We continue to explore the IoT opportunity for locksmiths with interviews with Tony Hokanson, President of Bloomington Security Solutions in Bloomington, Minnesota; Chad Lingafelt, Managing Partner at Loc-Doc Security in Charlotte, North Carolina; and Mark Kenniston, General Manager of Beishir Lock & Security, St. Louis, Missouri.
We asked for their opinion regarding revenue and margin growth opportunity for both IoT and Recurring Monthly Revenue (RMR). Lingafelt said “RMR is the hot topic. We’re finding multiple ways to provide a higher quality of service to our customers by offering web applications that are constantly updating and adding new features without the need to processes updates. It also empowers our team and our customers to solve problems without rolling a truck. This is just one of the examples of RMR benefits. Service agreements are a whole other topic.” Hokanson echoed this view, “Absolutely. It seems like most locksmiths are not aware of the value this brings. We’re trying to make our solutions service oriented and holistic.”
But Hokanson’s major point about RMR was less about revenue than being able do more for the customer. He said “It seems like the culture of locksmiths in general is that they really care more about finding the right solutions for their customers. They have an interest in helping the customer, so they’re not out there looking for more ways to build revenue. They go into the profession because it’s interesting and they like it. So as a result, most would care about RMR when they see it as a key part of the solution and enabling more service they can provide, rather than about the revenue. For example, enabling the ability to remotely support the customer.” Kenniston, regarding revenue and margin growth opportunity, replied “Certainly. Every year that portion of our business is growing. The lock side of the business has stayed very stable, but there’s not a lot of direct growth there. However, the electronic side is growing every year. The locksmith area will always be a valuable piece. People who strictly focus on the mechanical side should be careful because more of these areas are moving to electronic. So, I would expect the revenue for the purely mechanical side to be declining over time. Openings that used to be strictly mechanical are increasingly starting to be replaced with electronic components.”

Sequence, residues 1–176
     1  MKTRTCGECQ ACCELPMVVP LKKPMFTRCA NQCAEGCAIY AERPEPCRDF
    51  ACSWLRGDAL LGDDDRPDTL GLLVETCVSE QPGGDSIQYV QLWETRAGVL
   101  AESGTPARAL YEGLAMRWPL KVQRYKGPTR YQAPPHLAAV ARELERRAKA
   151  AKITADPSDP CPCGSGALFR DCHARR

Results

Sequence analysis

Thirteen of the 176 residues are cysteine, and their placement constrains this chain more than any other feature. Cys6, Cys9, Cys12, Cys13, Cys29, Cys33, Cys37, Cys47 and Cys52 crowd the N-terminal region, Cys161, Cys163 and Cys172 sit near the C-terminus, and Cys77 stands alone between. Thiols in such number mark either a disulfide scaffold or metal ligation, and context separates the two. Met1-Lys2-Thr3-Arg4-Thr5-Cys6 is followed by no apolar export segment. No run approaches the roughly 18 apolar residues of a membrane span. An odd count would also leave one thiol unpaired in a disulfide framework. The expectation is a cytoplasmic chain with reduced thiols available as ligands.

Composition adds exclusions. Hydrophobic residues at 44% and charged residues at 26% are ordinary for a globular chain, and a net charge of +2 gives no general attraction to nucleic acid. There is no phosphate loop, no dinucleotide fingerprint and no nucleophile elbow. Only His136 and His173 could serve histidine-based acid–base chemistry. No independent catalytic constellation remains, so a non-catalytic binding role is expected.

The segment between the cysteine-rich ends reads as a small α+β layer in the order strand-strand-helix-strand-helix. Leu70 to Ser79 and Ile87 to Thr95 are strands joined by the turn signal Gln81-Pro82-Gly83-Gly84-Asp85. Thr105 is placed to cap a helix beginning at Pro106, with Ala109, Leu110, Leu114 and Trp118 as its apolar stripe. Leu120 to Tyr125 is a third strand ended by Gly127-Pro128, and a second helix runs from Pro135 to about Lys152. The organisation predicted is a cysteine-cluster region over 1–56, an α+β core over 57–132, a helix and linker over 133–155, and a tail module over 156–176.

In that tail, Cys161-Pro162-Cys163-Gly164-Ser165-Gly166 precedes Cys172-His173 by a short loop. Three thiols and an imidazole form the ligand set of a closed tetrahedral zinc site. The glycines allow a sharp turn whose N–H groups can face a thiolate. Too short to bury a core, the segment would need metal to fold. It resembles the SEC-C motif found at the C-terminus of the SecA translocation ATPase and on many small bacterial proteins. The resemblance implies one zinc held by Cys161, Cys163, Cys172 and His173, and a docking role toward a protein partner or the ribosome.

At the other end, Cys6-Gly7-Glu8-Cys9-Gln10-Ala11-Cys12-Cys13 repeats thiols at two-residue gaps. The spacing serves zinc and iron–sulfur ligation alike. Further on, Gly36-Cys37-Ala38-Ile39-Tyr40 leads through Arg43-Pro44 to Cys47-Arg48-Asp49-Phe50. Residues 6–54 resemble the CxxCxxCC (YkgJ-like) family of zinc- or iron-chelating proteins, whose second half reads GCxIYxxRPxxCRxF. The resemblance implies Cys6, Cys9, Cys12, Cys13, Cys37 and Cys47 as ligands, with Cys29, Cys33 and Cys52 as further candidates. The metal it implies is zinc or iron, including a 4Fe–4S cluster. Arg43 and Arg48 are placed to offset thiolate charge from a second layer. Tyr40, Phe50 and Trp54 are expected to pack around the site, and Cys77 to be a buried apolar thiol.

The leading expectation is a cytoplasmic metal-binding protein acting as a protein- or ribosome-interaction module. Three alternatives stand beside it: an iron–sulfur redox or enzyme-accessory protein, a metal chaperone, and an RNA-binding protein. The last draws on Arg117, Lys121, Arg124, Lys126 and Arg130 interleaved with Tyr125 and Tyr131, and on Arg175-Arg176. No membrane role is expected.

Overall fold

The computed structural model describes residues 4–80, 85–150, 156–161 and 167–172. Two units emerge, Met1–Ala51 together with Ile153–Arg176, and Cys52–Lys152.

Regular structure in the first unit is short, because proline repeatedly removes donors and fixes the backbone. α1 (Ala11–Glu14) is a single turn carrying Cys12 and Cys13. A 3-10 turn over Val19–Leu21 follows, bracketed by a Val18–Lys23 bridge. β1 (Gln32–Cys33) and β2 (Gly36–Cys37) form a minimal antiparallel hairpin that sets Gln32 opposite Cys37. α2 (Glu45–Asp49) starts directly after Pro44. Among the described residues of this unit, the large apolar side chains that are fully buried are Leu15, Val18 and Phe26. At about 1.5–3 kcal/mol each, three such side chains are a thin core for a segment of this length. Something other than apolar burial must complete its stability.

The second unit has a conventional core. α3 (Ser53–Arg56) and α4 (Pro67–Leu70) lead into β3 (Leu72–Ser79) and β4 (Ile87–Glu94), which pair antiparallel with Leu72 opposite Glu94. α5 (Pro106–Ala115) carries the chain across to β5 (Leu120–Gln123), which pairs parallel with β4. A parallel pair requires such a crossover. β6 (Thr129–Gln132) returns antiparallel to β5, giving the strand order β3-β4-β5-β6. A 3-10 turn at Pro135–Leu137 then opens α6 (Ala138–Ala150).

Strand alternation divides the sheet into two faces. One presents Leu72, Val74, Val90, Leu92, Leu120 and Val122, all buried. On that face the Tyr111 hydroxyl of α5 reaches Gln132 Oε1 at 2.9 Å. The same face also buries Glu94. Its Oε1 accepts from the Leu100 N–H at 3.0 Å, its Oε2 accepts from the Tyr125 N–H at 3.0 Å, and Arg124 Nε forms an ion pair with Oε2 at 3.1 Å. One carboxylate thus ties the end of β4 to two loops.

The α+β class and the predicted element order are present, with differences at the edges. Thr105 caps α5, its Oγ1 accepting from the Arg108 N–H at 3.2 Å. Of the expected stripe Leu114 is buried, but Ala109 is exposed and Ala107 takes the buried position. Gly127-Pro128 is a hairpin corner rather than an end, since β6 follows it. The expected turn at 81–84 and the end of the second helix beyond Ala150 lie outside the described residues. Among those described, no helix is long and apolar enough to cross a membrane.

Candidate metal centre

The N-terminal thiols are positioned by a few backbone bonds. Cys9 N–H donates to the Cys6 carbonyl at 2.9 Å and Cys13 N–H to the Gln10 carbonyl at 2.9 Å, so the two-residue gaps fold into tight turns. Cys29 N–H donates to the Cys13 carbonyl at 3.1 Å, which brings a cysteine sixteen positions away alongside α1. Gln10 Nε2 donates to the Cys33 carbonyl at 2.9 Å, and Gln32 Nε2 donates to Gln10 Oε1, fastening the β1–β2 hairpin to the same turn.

On RMR, Kenniston commented “We see RMR from a few different standpoints. We’ve seen an increase in our alarm monitoring but now also provide integration with thermostats, door locks, lights, etc. It’s reduced the amount of conversation needed to sell those services. By providing all of this, they’re not just paying for something they hope not to use (alarm monitoring), they now are paying for something they use every day – the light switches, thermostats, etc.”
When asked if they saw IoT as an opportunity to support emerging devices that perhaps would have been the domain of other markets, such as server rack locks in the IT space, we were told “Yes, that’s one thing we’re always trying to do. Being one contact point for many of the devices is a convenience for the customer as well. We’re selling a suite of products. Serving the mechanical side means we’re on site anyway, so we can save the customer time and money by helping with other areas. It provides efficiency both for us as the vendor and for the customer, and again locksmiths are best positioned for this. Locks are used every day, so they fail more frequently and need more visits than other devices. Customers use the lock every day, so at some point it’s going to break. As a result, we have more opportunity.” Another reply was “Certainly. Even in our industry there’s a bit of a barrier to entry as those kinds of things have been managed by network service companies. But there is an advantage to having a single system in the same user interface you use to control everything else. You don’t want to manage a different system of access for your server locks.”
Next time: The Opportunity for Locksmiths continues